Fashion vs. Style: A Rant

[Okay, this post is gonna be a little out of character. A rant, yes, which is in character, but I feel compelled to write about fashion — on non-fashion. Mostly I’m avoiding posting a miserable rant about a bunch of personal shit that I’m processing. So…this. Until…that.]

I love thrift shops: Buffalo Exchange, Beacon’s Closet, or any of the fun stores on Haight Street in San Francisco. The fact that there aren’t two of the same things is one reason. Price, obviously, is another. But the idea that I’m not being subjected to the whims of an industry that only exists to keep us madly, mindlessly buying new shit is the main reason. However, even though there isn’t someone dictating what will and won’t be available — the “buyer” for department stores and the like — doesn’t mean that decisions aren’t being made. And that makes me mad. Because along with purchasing in these places, there’s selling. And I’d like to sell. But every time I take clothing in, I get turned away. “This isn’t in style,” the snotty 20-something says to me. “No one’s wearing these anymore,” the gay FIT student sniffs. Well isn’t that the point?

I’m sure what they’re thinking is, “This old broad couldn’t possibly own anything fashionable.” Which is, in fact, true. Because I don’t believe in fashion. I hate it. I refuse to even open a fashion magazine because they’re designed to make you feel like you’re not enough: not rich enough, young enough, thin enough, FASHIONABLE enough. They depress the hell out of me. It’s all such a scam. The fashion industry wants you to BUY BUY BUY! THIS season’s colors! THIS season’s handbags! THIS season’s skirt length or sleeve poof or fucking eyeshadow shade. It’s arbitrary, dreamt up CRAP!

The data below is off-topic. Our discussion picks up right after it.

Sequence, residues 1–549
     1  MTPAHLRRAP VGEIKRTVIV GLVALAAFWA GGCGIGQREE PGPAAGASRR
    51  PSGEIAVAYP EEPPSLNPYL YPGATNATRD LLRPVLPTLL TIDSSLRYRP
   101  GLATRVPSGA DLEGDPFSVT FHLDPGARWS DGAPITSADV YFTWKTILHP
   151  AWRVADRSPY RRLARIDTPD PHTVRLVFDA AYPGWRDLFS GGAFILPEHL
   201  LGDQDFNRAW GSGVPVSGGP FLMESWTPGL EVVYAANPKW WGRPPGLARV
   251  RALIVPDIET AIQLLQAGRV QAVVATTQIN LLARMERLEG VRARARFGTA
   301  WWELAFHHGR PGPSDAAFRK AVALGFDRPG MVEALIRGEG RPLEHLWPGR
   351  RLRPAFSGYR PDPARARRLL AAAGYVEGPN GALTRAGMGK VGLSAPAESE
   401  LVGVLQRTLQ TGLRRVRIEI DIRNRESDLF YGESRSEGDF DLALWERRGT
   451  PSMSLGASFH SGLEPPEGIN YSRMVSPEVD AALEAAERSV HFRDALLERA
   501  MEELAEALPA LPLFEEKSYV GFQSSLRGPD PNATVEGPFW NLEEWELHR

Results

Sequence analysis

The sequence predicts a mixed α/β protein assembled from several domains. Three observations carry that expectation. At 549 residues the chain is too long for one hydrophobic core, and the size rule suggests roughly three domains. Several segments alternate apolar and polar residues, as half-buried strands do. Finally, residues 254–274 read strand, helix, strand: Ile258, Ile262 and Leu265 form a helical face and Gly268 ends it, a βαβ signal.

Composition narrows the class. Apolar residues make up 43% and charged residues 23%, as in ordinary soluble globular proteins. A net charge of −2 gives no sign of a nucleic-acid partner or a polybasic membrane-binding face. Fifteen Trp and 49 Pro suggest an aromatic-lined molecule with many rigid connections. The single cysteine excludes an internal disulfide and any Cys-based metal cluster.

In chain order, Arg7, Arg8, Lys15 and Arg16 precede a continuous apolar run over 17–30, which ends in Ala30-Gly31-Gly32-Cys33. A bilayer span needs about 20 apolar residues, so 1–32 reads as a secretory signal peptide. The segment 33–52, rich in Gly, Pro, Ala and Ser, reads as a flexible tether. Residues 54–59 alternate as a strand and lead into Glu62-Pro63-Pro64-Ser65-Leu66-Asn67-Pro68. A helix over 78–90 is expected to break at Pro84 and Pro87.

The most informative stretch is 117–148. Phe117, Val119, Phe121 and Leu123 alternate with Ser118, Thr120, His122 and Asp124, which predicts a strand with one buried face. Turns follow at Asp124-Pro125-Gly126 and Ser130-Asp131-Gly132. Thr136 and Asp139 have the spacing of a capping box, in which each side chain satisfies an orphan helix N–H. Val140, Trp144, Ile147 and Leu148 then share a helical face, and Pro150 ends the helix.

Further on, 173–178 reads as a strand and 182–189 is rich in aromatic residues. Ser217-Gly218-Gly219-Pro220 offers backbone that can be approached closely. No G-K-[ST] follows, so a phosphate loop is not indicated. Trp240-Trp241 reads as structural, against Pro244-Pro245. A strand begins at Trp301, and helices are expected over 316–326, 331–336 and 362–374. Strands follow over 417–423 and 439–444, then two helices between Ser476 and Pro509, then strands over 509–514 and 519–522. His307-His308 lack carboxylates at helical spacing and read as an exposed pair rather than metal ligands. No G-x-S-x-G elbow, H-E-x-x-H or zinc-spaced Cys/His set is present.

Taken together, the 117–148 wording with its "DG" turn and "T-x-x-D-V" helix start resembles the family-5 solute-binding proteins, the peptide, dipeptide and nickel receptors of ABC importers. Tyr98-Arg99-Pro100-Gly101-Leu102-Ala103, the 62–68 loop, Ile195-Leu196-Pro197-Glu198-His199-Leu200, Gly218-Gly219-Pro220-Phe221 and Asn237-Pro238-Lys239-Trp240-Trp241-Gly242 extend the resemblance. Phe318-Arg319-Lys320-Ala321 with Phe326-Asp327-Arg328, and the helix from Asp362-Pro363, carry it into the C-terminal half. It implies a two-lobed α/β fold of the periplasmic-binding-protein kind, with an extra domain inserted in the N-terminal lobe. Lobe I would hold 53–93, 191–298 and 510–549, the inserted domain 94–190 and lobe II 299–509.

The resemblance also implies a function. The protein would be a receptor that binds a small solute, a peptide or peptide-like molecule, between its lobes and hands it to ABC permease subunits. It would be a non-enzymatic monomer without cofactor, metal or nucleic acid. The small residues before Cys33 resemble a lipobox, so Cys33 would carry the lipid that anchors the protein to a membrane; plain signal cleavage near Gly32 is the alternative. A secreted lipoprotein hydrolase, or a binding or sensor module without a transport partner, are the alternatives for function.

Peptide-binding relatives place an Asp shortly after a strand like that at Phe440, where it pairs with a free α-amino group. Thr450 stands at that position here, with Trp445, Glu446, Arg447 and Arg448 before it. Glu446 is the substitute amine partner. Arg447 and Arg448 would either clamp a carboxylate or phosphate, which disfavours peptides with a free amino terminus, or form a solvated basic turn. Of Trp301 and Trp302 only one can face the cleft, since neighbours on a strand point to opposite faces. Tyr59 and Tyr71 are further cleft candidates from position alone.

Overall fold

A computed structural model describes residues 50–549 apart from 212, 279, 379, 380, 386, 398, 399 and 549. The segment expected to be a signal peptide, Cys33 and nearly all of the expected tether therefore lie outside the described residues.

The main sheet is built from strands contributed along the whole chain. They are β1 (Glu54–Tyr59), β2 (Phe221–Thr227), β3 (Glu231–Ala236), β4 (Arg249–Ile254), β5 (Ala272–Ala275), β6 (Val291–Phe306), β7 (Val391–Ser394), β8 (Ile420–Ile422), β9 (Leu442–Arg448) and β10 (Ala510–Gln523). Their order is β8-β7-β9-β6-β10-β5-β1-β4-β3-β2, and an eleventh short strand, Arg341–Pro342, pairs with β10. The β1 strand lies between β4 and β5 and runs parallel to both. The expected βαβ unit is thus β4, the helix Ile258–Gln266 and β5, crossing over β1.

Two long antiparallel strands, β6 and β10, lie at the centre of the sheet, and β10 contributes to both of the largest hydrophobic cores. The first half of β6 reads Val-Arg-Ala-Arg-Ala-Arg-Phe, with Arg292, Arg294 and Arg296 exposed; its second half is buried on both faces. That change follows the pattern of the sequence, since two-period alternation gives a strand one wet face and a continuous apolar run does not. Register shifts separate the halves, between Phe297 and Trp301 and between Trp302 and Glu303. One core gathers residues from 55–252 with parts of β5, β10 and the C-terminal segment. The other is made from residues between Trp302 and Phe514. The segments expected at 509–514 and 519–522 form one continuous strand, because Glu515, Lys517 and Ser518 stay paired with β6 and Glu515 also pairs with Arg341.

The whole purpose of shopping at a thrift store — or second-hand store, or consignment store or any OTHER store that isn’t selling you brand new clothing Fashion Avenue is trying to sell you — is that you aren’t buying fashion. You’re buying style. A store opened up downstairs from me. They have a huge poster in their window: “Fashion is forever.” No, fashion is fleeting. STYLE is forever. What was in fashion last year is now, well, last year. You’re supposed to feel out of fashion, toss that shit in the trash and buy this year’s whateverthefuck. Or give it away. So that it winds up at Goodwill, where “vintage” clothing store people shop, buy and resell to you at a marked up price! 

So back to these damn re-sale shops. Since I don’t have a lot of money, they are my main resource for “new” clothes. Though even if I won the lottery, I’d still shop in them because I enjoy the hunt. I love finding some random, incredible piece. I’m not looking for a skirt length or “line” (read: shape) because I’m not even aware of what line I should be looking for. I’m just browsing for something that strikes my fancy. Something unusual. Something ME!